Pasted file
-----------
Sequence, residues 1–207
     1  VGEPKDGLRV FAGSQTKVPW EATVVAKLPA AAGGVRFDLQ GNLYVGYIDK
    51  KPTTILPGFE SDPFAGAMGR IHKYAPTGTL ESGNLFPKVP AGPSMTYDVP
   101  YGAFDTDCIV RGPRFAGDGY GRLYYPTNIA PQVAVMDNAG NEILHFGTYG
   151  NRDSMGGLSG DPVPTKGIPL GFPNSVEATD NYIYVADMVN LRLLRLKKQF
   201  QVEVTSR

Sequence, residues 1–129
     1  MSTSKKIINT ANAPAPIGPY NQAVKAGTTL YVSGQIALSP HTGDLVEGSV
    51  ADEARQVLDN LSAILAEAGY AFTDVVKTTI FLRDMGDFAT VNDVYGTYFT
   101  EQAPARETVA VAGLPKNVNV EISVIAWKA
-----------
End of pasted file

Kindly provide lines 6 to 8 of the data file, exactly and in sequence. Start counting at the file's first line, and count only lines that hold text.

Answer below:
   201  QVEVTSR

Sequence, residues 1–129
     1  MSTSKKIINT ANAPAPIGPY NQAVKAGTTL YVSGQIALSP HTGDLVEGSV